Connecting FNIR to Vizard


Note: Currently tested and working with Vizard 6


Description from Biopac on FNIR: "An fNIR System provides researchers with real-time monitoring of tissue oxygenation in the brain as subjects take tests, perform tasks, view advertisements, experience ergonomic layouts, or receive stimulation. It allows researchers to quantitatively assess brain functions—such as attention, memory, planning, and problem solving—while individuals perform cognitive tasks. Monitor cognitive state of the subject in natural environments".


“Easily sync with stimuli presentation systems and integrate with other physiological and neurobehavioral measures that assess human brain activity, including eye tracking, pupil reflex, respiration, and electrodermal activity”.


After connecting the hardware for your FNIR you will need to start up COBI studio to stream the FNIR data to Vizard.


Under Data Source add your hardware

In Marker Source you can add markers that you can send to sync with events, such as key presses.


In the Network Broadcast section, add a TCP protocol broadcast and not the port number and host IP address.



Click on Prepare and make sure your hardware is set up and ready to go. Place the FNIR device under your headset and connect left and right side connections.


Click on “Experiment”. Here you can enter experiment information to catalog the data. If you are just checking the data or demoing the system, you can click “No Experiment”


Click on Record and then click the red triangle to begin recording your data

Next you will run a Vizard script to collect and save the data.


Vizard Code


Contact Worldviz for the “” module that is needed to send FNIR data to Vizard


Use the following code as an example to send data to Vizard. Make sure to place the module in the same folder as your code (or reference the path that it is located).

For further analysis of data use the FNIR soft software


How to Connect your Oculus Quest to Vizard and Vizible using the new Oculus Link Update


  1. Make sure that your Oculus software on your PC is up to date, as well as the firmware on the Quest itself.

  2. Turn on your Quest.

  3. Plug your USB 3.0 to USB-C cable into a USB 3.0 port on your PC, then plug the USB-C end into your headset (note: the cable that comes with the Quest will not work, so you should either purchase one off of Amazon (such as this one), or you can purchase the official Oculus Link cable from Oculus here.

  4. In Oculus, click on “Add Headset” and add the Quest, following the instructions that appear.

  5. Once plugged in, you’ll be prompted to enable Oculus Link (beta) on the Quest, select “Enable” to begin remote rendering via Oculus Link.

  6. Once connected you can run the VizBox/Oculus touch preset from vizconnect to connect it to Vizard, or connect in the same way that you do for Oculus. See this page in the Vizard Documentation for more details.  For Vizible, simply select the Oculus Preset from your choice of hardware.

Some things to consider when using Oculus Link to connect the Quest to your PC:

  • You may have some performance issues due to the compression methods used to deliver the content to the Quest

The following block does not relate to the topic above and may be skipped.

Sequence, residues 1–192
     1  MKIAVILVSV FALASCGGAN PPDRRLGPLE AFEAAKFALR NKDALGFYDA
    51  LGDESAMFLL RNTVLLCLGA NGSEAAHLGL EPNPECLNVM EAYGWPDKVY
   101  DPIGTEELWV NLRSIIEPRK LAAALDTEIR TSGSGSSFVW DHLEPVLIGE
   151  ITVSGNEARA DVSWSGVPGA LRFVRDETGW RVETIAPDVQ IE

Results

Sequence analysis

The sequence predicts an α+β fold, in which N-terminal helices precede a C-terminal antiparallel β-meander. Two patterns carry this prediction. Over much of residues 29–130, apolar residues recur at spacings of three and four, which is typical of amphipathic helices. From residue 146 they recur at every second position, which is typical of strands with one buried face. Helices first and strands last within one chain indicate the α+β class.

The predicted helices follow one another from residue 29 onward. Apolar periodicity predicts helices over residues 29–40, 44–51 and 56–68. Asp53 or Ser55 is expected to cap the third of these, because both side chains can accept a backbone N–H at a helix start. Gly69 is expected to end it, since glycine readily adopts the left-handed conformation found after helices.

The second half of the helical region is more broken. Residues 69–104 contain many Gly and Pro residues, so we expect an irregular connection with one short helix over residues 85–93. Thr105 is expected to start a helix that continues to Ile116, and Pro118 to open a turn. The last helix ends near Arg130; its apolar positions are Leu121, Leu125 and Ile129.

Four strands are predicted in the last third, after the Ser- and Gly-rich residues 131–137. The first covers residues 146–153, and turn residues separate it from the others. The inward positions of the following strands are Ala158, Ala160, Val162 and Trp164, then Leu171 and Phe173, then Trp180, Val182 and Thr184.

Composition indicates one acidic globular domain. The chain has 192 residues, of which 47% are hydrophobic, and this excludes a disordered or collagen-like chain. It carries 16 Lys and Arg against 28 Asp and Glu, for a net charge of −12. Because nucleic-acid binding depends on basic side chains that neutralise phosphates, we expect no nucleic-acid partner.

• The Quest actually has a slightly higher resolution than the Rift S (1440x1600 per eye for the Quest vs. 1440x1280 per eye for the Rift S)

  • The Quest has a slightly lower refresh rate (72HZ vs. 80Hz for the Rift S)

  • The Rift S has 5 cameras for tracking, while the Quest has just 4

  • The Quest is just slightly heavier at 571 Grams, vs. 500 Grams for the Rift S

  • If having the issue where Oculus is saying you need to update the Quest drivers, but Quest is saying “no updates available”, make sure that you are not on the “public test channel” for Oculus.

How to setup the Vive Pro Eye

For more information on how you can use the Vive Pro Eye in your research and help with setting up studies, contact



  • If you do not have SteamVR installed, you will need to do that first. Make a Steam account and download the Steam App from this link.



  • Plug in your headset and when prompted, install SteamVR


  • Run SteamVR and do a room setup

  • Download and install the Vive Pro Eye Eye Tracking software from this link 


  • Run SR_Runtime from the shortcut


  • Calibrate within SteamVR by clicking on the menu button on the Vive controller while wearing the headset. This should bring up the settings menu. From here click on the button that says “Vive Pro Eye”


  • If it is the first time you are running the Vive Pro Eye, you will need to agree to some terms and turn on eye tracking by clicking on the agreement that comes up in the headset.


  • Next, click “calibrate” and follow the instructions. To verify eye tracking is working,  open up Vizard and go to File- Quick Open and type in “Vivepro” and double click on the


  • This example allows you to verify that the eye tracking is working. When you look at the array of balls the ones you are looking at should change color. You can also toggle a gaze intersect by pressing the “g” key.


For more information on how you can use the Vive Pro Eye in your research and help with setting up studies, contact


Connecting Vizard to BIOPAC AcqKnowledge

By Jeff Loomis

BIOPAC provides a large range of monitoring devices for detecting physical or physiological changes over time. The BIOPAC virtual reality platform provides: